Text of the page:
Garden designer Anthony Noel extols the virtues of floral arches that delight the senses.
Luxurious tunnels of flowers take you into a different world, for this form of gardening is always a talking point and brings French chic to the most unremarkable space. If the tunnel is placed at the start of the garden, like the foyer in a cinema or theatre, it encourages you to focus on what is ahead and forget about life outside.
Tunnels are frequently less challenging to create than you might imagine and it is hard to beat laburnum (though beware of its toxicity), wisteria, apple or pear, all of which are especially inviting in the changeable weather and light of a British spring.
Ideally, the way through a tunnel needs to be at least 6ft wide, so that two people can stroll together, with another foot either side for the trees themselves – totalling 8ft. These are minimum dimensions for comfort; clearly, a large garden may accommodate a much broader tunnel comfortably.
Floral tunnels look superb along a boundary wall or near a hedge, but a wide, open kitchen garden provides classic opportunities for shady walks and fruitfulness. At West Dean in West Sussex, for example, tunnels of pear trees span the paths between the vegetable beds in a most charming manner.
To make a setting, generous underplanting is desirable: lilac-coloured alliums and red tulips famously enhance the laburnums and wisterias at Barnsley House near Cirencester, whereas at Haseley Court, near Oxford, I very much admired perennial wallflowers in lilac and cream, joined by Welsh poppies.
In the case of apple and pear tunnels, underplantings of primulas and different daffodils can be planted to coincide with the blossom. When choosing daffodils, I favour white-flowered Thalia, but Pipit, Oxford Gold and Minnow would all work well. For early summer, a frothy row of Alchemilla mollis is hard to beat – with various Nicotiana and silver Helichrysum nearby to lead the season on. Add Cyclamen hederifolium and autumn crocus for late summer, when your trees are fruiting.
When planning such a feature, ask yourself: will there be good views, either side, from within the tunnel? Or do you need to focus on the end of the vista? Where does it lead? Is it terminated by a step up or down, a bench, a summer house, sundial or even a large, open space?
The openness of the latter will be enhanced if approached by an enclosed area. I once used this idea in a wide passage beside the house, opening onto the garden proper. The overhead branches gave privacy and masked the neighbours. It’s all about playing with scale.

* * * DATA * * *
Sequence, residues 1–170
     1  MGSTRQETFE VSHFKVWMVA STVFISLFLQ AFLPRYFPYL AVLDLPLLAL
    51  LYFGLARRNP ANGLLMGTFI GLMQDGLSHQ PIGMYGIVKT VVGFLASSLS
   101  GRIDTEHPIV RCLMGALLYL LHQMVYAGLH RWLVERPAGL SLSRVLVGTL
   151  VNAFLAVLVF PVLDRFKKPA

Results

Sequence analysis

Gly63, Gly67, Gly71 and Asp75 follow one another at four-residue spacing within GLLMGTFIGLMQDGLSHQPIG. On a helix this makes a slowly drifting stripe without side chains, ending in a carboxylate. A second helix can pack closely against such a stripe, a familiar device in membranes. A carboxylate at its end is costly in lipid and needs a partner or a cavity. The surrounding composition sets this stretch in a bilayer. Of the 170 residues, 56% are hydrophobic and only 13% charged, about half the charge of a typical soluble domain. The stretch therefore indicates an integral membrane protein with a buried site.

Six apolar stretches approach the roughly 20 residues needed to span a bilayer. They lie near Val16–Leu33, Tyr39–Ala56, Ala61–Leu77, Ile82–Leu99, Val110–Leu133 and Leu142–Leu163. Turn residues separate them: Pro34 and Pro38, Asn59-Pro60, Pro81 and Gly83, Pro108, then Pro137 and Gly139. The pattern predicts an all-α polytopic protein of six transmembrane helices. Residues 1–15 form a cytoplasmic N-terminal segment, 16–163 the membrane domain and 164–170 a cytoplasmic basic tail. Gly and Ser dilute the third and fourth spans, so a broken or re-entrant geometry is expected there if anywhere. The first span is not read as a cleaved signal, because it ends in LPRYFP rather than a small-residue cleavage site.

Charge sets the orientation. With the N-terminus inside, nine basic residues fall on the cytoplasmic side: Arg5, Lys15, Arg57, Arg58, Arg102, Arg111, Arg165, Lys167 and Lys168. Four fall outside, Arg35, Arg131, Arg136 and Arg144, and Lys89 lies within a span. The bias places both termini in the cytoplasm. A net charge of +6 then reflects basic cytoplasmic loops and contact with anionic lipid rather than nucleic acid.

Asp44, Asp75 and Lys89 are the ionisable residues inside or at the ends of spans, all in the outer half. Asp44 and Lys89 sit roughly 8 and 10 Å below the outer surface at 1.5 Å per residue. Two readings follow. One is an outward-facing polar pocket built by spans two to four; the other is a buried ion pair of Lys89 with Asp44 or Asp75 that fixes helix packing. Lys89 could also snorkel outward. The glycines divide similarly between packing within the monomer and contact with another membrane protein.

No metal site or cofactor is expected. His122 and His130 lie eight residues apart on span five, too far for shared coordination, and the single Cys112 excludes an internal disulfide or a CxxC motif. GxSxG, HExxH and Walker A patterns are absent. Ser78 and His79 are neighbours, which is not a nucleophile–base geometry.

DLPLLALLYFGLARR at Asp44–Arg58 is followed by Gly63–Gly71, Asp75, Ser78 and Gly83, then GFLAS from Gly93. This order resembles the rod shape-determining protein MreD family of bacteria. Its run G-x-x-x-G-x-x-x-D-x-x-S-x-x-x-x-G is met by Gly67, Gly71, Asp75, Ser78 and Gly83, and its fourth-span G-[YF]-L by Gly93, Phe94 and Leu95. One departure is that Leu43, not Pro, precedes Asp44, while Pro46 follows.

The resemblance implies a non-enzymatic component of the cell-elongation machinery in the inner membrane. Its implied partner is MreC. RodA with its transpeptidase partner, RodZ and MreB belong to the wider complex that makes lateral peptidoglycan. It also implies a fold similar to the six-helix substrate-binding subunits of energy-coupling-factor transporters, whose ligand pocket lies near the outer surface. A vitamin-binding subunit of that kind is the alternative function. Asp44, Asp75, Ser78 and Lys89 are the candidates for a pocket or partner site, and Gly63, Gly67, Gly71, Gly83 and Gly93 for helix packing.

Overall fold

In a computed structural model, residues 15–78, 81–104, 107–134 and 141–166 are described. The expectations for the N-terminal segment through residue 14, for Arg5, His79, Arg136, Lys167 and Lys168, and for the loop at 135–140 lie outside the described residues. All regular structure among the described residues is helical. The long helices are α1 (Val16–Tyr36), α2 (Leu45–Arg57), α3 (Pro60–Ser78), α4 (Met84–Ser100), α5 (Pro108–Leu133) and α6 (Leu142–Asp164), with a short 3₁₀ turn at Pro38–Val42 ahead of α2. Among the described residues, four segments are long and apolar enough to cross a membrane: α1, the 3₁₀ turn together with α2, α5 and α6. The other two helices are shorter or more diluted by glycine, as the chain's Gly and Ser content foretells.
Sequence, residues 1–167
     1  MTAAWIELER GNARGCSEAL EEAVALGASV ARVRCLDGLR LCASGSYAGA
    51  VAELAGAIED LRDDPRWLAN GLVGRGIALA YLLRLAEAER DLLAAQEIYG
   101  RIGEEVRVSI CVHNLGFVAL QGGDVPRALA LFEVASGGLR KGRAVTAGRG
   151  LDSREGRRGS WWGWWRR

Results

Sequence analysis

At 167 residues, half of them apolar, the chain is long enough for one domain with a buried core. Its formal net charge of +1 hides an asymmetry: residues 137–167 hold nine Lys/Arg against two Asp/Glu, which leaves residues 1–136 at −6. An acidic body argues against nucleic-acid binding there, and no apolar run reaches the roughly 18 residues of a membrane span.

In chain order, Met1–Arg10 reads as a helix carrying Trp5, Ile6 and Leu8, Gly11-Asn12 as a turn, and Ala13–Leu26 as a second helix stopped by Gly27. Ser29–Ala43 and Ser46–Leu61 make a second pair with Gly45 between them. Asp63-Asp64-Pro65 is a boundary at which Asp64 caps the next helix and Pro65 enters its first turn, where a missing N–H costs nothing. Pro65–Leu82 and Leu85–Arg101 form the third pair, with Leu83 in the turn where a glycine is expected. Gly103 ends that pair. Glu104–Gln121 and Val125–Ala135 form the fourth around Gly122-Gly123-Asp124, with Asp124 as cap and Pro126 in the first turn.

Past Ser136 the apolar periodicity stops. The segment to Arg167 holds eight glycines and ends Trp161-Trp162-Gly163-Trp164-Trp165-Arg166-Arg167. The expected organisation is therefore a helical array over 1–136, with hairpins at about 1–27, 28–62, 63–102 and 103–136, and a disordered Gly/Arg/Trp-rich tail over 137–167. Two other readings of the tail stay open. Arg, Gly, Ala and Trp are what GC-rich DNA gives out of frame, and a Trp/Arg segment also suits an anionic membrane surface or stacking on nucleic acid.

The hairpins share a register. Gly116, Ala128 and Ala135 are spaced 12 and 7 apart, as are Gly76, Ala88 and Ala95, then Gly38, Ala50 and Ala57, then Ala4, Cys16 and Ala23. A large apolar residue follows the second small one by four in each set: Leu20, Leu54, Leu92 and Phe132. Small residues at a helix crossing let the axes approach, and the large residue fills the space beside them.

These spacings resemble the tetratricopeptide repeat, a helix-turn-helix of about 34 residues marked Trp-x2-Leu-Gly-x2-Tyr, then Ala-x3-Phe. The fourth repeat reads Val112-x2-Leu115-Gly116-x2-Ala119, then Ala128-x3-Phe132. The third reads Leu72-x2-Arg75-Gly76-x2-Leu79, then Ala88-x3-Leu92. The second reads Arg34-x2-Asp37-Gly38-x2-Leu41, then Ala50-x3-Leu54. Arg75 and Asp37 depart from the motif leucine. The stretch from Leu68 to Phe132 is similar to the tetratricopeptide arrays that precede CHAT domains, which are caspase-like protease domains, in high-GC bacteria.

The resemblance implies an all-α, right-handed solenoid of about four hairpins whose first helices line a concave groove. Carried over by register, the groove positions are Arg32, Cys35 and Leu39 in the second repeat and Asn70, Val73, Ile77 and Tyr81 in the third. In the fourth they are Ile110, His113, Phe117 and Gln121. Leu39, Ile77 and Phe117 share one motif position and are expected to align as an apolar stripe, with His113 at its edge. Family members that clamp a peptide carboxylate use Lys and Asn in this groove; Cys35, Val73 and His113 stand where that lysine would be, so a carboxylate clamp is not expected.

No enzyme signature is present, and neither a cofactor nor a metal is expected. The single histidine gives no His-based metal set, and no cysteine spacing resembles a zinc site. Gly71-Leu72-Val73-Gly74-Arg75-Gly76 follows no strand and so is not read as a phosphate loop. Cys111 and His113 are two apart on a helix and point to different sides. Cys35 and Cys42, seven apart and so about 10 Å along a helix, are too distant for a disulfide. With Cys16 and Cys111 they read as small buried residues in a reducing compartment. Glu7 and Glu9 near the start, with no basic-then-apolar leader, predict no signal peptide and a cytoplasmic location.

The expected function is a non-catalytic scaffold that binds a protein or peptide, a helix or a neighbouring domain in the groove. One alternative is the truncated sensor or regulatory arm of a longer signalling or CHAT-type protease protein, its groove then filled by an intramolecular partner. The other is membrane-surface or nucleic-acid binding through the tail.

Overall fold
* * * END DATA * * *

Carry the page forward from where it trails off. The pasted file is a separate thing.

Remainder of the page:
If you have a really large garden, you might create a curved vista, like the famous laburnum tunnel at Bodnant in Wales. Remember, even the shallowest curve is exaggerated once on the ground.
The ideal framework to support your plants will be of iron, with the centre of the arch being a minimum of 8ft above the ground. Often, it’s best to commission a local blacksmith, bearing in mind that galvanised angle iron is both strong and rustproof. Paint the frame in black or darkest grey, in order to contrast with pale branches in winter.
What is your path surface to be? Grass, though beautiful, needs light and air and is high maintenance. Gravel or hoggin is good as it is non-slip and gives visual sparkle. At Barnsley House, the path is cobbled and bordered with old paving, a time-honoured country-house look that is also hard-wearing.
In 2015, the laburnums at Barnsley were 50 years old and past their best, so they were removed and a new tunnel was planted. It will be established by 2020. Without doubt, Rosemary Verey, the garden’s creator, would have approved. Five years doesn’t seem too long to wait for such a feature to develop its allure.
Once the laburnums have finished flowering, something for summer-into-autumn might be persuaded to take over the show: a late-flowering clematis would fit the bill, or the annual cup-and-saucer flower, Cobaea scandens, scrambling through the branches. But don’t be tempted to try this in the first few years – give your host trees time to get established.
Fruiting tunnels are delightful when they bloom in the spring and have the bonus of being laden with luscious fruit in August and September. For apples on a dwarfing rootstock (M26), I would set the trees at 3ft distances apart; for those on moderately sized (MM106) rootstocks, I would place them at 5ft intervals. Quince A, a semi-vigorous rootstock for pears, is fine for both close and wider spacings of, say, 3ft to 5ft between each tree.
With apples and pears, almost all varieties work, but you need to acquire young, cordon-trained trees, all of which are roughly the same size and they should not be tip bearers – the trees should fruit all along the branches. Plant with a couple of shovelfuls of John Innes No. 3 compost, avoiding manure.
Laburnum, wisteria, apple and pear have few demands soil-wise and everyone likes easy-going plants. Have a go. Your sumptuous, stylish, floral tunnel will be the envy of your friends.
Where to see great floral tunnels
Barnsley House (Gloucestershire)
Bodnant Garden (north Wales)
Haseley Court (Oxfordshire)
Royal Botanical Gardens, Kew (Surrey)
Waterperry Gardens (Oxfordshire)
Hampton Court Castle (Herefordshire)
Kawachi Fujien Wisteria Garden (Kitakyushu, Japan)
Bardini Gardens (Florence, Italy)
Fruit tree tunnels:
Heale House (Wiltshire)
West Dean (West Sussex)
Peter Brookes, political cartoonist at The Times, is a savage commentator and the spiritual successor to the likes of Gillray
Richard and Cary Goode have carried off something almost miraculous at this lovely spot in Herefordshire – and they've done it
Alan Titchmarsh had resigned himself to a life without rhododendrons – but now that's all about to change, courtesy of
Mark Griffiths looks at Satsuki azaleas – one of Japan's most revered plants, and yet perfect for an English garden.